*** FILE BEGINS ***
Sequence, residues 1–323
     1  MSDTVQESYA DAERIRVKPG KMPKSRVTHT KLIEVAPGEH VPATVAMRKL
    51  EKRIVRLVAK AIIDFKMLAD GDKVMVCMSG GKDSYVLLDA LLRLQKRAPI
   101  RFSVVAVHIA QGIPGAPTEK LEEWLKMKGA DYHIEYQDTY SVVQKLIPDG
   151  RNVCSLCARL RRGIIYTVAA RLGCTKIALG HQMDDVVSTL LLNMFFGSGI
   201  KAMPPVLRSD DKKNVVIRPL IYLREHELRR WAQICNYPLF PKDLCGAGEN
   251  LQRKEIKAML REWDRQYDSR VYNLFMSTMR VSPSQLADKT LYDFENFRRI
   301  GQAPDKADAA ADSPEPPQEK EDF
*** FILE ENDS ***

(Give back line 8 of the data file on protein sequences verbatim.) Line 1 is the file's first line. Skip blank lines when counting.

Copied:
   301  GQAPDKADAA ADSPEPPQEK EDF